Family mediation is a process which spouses or partners experiencing difficulties can voluntarily decide to use in order to resolve their dispute involving one or more mediators. The task of the mediators is to facilitate communication and help the couple address both the emotional and the material aspects of the separation (division of assets, maintenance payments, allocation of the marital home, etc.). Their task also includes encouraging the couple to structure the agreements that best meet the needs of all family members.
Mediation is governed, in general terms, by Legislative Decree No 28 of 4 March 2010, as amended, on the ‘Implementation of Article 60 of Law No 69 of 18 June 2009, concerning mediation for the purpose of settling civil and commercial disputes’.
This law sets out the procedure for settling disputes regarding transferable rights out of court. For certain matters expressly indicated, mediation is a pre-condition for the document instituting the proceedings to be deemed admissible.
In family law matters, only disputes concerning family business agreements (i.e., contracts through which the business owner transfers, fully or in part, his or her undertaking to one or more descendants) require prior mediation.
For all other family disputes mediation is voluntary.
However, in child custody proceedings the court may postpone delivering a judgment so that the spouses, with the help of experts, can attempt mediation to reach an agreement, especially as regards protecting the moral and material interests of the child(ren).
Mediation can take place in or through public or private bodies duly entered in the register of mediation bodies kept by the Ministry of Justice.
The list of mediation bodies can be found on the following website:
Lawyers registered at the Italian Bar are mediators by right.
In many municipalities, family mediation services can be accessed through family advice centres, social services or local health undertakings.
Another procedure – which is different from mediation but which is also designed to settle disputes out of court – is assisted negotiation. This is governed by Decree Law No 132 of 12 September 2014, converted with amendments by Law No 162 of 10 November 2014.
Assisted negotiation refers to an agreement (known as a ‘negotiation agreement’) through which the parties agree to ‘cooperate in good faith to settle the dispute amicably’. For the agreement to be valid, it must be drawn up in writing with the help of one or more lawyers, and must concern transferable rights.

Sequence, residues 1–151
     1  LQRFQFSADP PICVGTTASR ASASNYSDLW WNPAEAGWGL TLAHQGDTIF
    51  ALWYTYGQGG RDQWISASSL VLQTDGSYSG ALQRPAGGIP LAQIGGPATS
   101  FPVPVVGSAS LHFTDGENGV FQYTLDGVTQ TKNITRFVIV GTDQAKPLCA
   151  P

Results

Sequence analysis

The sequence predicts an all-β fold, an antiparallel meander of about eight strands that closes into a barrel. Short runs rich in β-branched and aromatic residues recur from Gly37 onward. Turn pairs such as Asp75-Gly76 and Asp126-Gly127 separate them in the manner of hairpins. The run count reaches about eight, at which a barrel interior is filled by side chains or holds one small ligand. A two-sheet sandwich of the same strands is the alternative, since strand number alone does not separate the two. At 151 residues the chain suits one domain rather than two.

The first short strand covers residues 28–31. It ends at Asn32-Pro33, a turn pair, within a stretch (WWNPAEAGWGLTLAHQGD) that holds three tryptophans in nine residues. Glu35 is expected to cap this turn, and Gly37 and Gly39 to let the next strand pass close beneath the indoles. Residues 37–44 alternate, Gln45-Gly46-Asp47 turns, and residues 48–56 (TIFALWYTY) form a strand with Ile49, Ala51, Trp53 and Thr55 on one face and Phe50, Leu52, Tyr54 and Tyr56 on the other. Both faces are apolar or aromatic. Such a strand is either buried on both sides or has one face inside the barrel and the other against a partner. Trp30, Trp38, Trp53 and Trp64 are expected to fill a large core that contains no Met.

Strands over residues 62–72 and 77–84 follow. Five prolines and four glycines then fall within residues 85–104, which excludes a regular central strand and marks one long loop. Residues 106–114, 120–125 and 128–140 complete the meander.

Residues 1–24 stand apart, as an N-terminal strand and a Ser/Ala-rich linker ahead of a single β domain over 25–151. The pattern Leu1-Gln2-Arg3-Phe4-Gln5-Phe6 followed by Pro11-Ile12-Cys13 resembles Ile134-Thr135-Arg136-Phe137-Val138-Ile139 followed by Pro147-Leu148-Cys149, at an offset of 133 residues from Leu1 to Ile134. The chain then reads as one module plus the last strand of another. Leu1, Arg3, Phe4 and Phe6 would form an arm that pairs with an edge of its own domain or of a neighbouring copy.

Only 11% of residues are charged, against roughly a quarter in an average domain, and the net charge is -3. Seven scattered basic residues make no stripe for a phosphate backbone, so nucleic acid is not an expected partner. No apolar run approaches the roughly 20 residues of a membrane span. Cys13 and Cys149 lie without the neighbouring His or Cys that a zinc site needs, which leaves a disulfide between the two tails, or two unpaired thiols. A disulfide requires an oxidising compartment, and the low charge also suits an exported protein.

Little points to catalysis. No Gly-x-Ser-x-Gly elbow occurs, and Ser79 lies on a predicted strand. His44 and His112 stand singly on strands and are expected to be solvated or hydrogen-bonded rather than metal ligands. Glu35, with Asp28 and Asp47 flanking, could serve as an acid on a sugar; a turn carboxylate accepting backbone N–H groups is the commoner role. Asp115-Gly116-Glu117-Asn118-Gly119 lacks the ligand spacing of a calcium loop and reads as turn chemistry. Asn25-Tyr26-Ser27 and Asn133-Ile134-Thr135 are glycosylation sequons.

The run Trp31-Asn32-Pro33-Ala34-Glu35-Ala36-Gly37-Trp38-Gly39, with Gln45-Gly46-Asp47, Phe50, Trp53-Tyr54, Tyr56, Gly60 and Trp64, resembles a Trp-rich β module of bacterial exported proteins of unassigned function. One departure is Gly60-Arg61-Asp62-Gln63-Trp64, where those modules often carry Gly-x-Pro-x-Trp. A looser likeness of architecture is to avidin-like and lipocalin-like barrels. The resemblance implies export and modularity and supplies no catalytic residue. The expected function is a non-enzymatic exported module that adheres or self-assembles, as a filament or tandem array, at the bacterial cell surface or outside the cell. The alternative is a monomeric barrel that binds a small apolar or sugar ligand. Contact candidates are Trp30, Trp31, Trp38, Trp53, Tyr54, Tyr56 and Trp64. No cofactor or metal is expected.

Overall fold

Unlike agreements reached through mediation, assisted negotiation agreements are enforceable and mean that judgment mortgages can be registered.
Like mediation, the negotiation can be mandatory or voluntary.
In family law matters, assisted negotiation is always voluntary.
The law governs assisted negotiation in matters concerning separation and divorce, with a view to achieving a settlement by consent or an amendment to the conditions previously established.
For couples who have no children who are minors (or adult children lacking capacity), the agreement is submitted to the public prosecutor at the competent court who, as long as he or she does not find any irregularities, notifies the lawyers that there is no impediment to the settlement.
In the case of couples with children who are minors (or adult children lacking capacity), the agreement must be sent within 10 days to the public prosecutor's office at the competent court for verification that it will guarantee the interests of the children. If the assessment is positive, the public prosecutor authorises it. If not, he or she sends it to the president of the court, who convenes the parties within the next 30 days.
The agreement reached and authorised in this way has the effects and takes the place of judicial separation or divorce provisions and changes the conditions set out therein.
Following the entry into force of Law No 76 of 20 May 2016, the parties may also use assisted negotiation in the event of dissolution of a civil partnership between persons of the same sex.
The national language version of this page is maintained by the respective EJN contact point. The translations have been done by the European Commission service. Possible changes introduced in the original by the competent national authority may not be yet reflected in the translations. Neither the EJN nor the European Commission accept responsibility or liability whatsoever with regard to any information or data contained or referred to in this document. Please refer to the legal notice to see copyright rules for the Member State responsible for this page.
Last update: 04/02/2019